West Ham’s Not Yet Settled Squad and the Homegrown Player Dilemma

With the season starting before the transfer window closes, West Ham have a few extra weeks to get their squad in order.

2017/18 Shirt

It seems an oddity to me that the transfer window stays open for a further two weeks after the season has started.  It would be far tidier if they slammed it shut on the eve of the new season so that all of our predictions could be based on the precise knowledge of which players are in each particular team’s squad.  A last minute sensational rabbit out of the hat signing or a bewildering ‘too good an offer to refuse’ departure could well define the season for some clubs, including our own.

As it is, clubs have until the day after the window closes on 31 August to name their twenty five man squads, which, of course, must include eight homegrown players; or to put it another way can only have seventeen foreign players.  The make-up of the actual West Ham squad for the start of the 2017/18 remains pure speculation but, for the sake of argument, I will use that currently listed on Wikipedia (as at 7 August 2017) with the names of the homegrown players underlined:

Reid, Cresswell, Zabaleta, Feghouli, Kouyaté, Carroll, Lanzini, Snodgrass, Adrián, Obiang, Sakho, Noble, Hernández, Collins, Ayew, Ogbonna, Byram, Fonte, Hart, Masuaku, Antonio, Fernandes, Arnautović and Hakšabanović

The Homegrown rule is an odd one as for a player to be qualify he must, regardless of nationality have been registered with any club affiliated to the Football Association or the Welsh FA for a period of three seasons or 36 months prior to his 21st birthday.  According to my interpretation of the rule the above squad (which, by the way, only includes twenty four players) has just seven that qualify as homegrown.  More interestingly, many supporters preferred starting eleven would probably include just one or two homegrown players.

We can reasonably expect there to be changes to the squad before the end of the month with the potential (fingers crossed) departures of Feghouli and Snodgrass, leaving a few extra places available in a squad that remains thin in all key areas; striker, central midfield and centre back.  There have been a few potential recruits linked (Gray, Wilshire) that would qualify as homegrown but the majority of the names mentioned continue to be johnny foreigners. Any shortfall would need to be made up by including at least one qualifying academy player in the named squad, even though technically any number of players under twenty one can be included in the squad without actually being part of the named twenty five.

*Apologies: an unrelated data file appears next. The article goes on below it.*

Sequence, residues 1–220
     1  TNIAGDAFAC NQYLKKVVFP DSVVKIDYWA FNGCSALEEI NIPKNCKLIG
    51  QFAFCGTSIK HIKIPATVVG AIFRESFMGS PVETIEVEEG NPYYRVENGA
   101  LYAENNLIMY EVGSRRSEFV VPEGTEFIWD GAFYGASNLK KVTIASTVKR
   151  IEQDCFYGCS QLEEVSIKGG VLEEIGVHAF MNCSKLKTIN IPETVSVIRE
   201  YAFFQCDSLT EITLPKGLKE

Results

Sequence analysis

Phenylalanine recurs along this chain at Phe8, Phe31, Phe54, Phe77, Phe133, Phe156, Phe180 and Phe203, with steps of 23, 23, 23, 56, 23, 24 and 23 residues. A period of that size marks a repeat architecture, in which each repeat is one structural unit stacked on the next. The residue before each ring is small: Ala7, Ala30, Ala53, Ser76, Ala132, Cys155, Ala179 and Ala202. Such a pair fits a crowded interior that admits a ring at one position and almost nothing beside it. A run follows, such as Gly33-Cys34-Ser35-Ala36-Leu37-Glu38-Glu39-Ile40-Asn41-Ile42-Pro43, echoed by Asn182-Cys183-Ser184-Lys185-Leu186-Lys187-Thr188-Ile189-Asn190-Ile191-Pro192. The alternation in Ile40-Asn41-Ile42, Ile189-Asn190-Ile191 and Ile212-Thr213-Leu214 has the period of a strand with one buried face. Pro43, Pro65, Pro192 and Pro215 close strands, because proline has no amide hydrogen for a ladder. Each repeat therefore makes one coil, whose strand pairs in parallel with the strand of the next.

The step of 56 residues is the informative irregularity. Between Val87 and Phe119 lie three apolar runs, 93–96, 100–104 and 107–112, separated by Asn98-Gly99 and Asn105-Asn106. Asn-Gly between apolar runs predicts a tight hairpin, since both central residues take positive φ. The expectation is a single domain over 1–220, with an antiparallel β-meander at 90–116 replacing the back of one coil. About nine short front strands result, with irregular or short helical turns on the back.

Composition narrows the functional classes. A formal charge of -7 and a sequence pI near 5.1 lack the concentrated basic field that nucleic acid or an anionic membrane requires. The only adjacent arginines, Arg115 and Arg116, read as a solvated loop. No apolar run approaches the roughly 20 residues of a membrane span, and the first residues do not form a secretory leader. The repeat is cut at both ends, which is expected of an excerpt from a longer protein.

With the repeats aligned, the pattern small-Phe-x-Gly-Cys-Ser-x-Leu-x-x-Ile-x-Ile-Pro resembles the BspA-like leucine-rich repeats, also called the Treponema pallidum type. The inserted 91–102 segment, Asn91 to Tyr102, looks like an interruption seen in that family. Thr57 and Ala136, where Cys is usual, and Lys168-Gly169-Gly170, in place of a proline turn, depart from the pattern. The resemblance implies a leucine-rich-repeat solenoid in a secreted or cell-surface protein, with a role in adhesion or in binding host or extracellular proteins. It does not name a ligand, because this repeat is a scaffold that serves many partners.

The signing of Sead Hakšabanović was a surprise addition to the ranks this week and has all the hallmarks of a Tony Henry signing.  Hakšabanović has only recently turned eighteen but has almost fifty appearances under his belt in the top tier of the Swedish league, as well as being a full international for Montenegro.  An attacking midfielder he could, in theory, provide backup to Manuel Lanzini but time will tell whether his youth will once again prove a barrier to selection by manager Slaven Bilic.


Just a few days to go before the 26th Premier League season gets underway.  For the first time there will be three south coast clubs in the competition (it is probably the first time ever in the top flight).  There will be five London clubs, three from the Midlands, five from the North West, one each from Wales and the North East plus two others (Watford and Huddersfield).  In total only nine of the twenty teams are from north of Watford (Professor Google assures me that Swansea is slightly south of Watford) and so the need to travel well to cold and desolate northern wastelands is not as acute as it has been in previous seasons.

For amusement only, here is a selection of cumulative all-time statistics from West Ham’s previous twenty one seasons in the Premier League.

10th in Number of Victories (265; 1st = Manchester United, 604)
3rd in Number of Defeats (332; Everton, 336)
8th in Number of Draws (209; Everton, 277)
10th in Goals Scored (964; Manchester United, 1856)
4th in Goals Conceded (1004; Tottenham, 1231)
12th in Number of Own Goals (32; Everton, 47)
6th in Number of Red Cards (69; Everton, 86)
7th in Number of Yellow Cards (1321; Chelsea, 1536)
10th in Number of Clean Sheets (216; Manchester United, 418)
1st in Number of Penalties Saved (13)
2nd in Clearances Off The Line (63; Sunderland, 66)